Frequent Questions

How does EPA interpret the new statutory provisions to apply to repairs, reinstallations, and replacement parts?

Repairs of previously installed pipes, fitting or fixtures

A pipe, fitting or fixture that was installed in a public water system or a facility providing water for human consumption prior to the effective date of the 2011 Act does not need to meet the new definition of lead free regardless of whether it is repaired. The repaired pipe, fitting or fixture is not being "used" in the repair or installation, or "introduced into commerce" and therefore, the requirements of Section 1417 are not triggered as a result of the repair. Parts used in repairs may need to meet the requirements of Section 1417 (see "Replacement Parts" below and FAQ #24, 26, 27 and 28).

The temporary removal of pipes, fittings, or fixtures for repairs and reinstallation to their original location would not trigger the requirements of Section 1417 because the pipes, fittings or fixtures are not being installed or "used in" repair. (See FAQ #29). Similarly, the temporary removal of pipes, fittings or fixtures for storage or calibration and reinstallation to their original location would not trigger the requirements of Section 1417. (See FAQ #30.)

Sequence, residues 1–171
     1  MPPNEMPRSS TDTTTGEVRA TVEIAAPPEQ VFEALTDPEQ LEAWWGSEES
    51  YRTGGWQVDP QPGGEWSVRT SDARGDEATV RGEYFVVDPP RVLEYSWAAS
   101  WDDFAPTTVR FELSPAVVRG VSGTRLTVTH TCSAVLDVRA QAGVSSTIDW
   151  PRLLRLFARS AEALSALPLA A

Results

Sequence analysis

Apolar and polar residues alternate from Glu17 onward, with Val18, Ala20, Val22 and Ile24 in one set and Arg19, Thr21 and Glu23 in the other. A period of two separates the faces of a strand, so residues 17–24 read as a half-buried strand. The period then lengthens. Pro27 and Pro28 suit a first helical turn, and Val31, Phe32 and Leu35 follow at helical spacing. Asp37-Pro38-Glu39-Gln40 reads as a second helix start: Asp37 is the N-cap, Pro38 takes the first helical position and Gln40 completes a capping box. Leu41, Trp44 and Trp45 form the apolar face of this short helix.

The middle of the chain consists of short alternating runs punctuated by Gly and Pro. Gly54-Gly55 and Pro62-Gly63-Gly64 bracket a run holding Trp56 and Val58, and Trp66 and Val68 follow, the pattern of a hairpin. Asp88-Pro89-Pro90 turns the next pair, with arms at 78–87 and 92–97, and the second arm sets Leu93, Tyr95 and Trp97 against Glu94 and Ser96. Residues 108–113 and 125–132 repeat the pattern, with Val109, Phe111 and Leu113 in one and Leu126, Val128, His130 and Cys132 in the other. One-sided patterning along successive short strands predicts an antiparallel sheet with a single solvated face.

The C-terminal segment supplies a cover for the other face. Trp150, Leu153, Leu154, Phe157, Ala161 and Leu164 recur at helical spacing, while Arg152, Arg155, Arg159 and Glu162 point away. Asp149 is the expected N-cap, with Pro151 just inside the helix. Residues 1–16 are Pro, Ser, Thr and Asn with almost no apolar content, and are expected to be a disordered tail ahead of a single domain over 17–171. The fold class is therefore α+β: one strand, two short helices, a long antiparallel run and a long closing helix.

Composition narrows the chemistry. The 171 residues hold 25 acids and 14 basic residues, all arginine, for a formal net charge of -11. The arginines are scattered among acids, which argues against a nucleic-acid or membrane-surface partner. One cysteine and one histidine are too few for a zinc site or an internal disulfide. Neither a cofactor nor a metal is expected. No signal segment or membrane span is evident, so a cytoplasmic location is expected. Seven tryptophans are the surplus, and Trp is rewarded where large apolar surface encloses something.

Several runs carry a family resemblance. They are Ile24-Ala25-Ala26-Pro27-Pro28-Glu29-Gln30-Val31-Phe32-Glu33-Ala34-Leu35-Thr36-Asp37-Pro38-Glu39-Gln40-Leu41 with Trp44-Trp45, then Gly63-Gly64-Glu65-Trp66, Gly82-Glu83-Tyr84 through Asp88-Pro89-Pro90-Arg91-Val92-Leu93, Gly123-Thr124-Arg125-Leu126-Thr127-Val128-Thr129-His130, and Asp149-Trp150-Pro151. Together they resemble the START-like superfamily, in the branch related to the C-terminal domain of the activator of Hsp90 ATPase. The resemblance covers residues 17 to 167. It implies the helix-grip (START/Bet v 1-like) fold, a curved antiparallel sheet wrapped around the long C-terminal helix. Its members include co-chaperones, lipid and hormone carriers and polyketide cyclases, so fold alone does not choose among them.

Replacement Parts

After the effective date of the 2011 Act, any replacement parts that are pipes, fittings, or fixtures either installed or used in repairs of a public water system or a facility providing water for human consumption, or introduced into commerce, must meet the definition of lead free. (See FAQ #25)

However, where the replacement of pipes, fittings, or fixtures is part of a device (such as a water heater) made up of several component parts and the device meets the definition of lead free in the 2011 Act, the replacement parts themselves need not meet the new definition of lead free. As long as the overall device would meet it with the replacement part installed, then the requirements of Section 1417 would be met. Such replacement parts should be labeled as specifically for use in the device that meets the new definition of lead free. (See FAQ # 24.)

Also, the use or introduction into commerce of replacement parts that are not pipes, fittings, or fixtures does not trigger the requirements of Section 1417. EPA recommends that any replacement parts that are not pipes, fittings, or fixtures that come into contact with potable water meet the definition of lead free in the 2011 Act because of their potential to cause elevated levels of lead in drinking water, but they are not required to do so. (See FAQ #26.)

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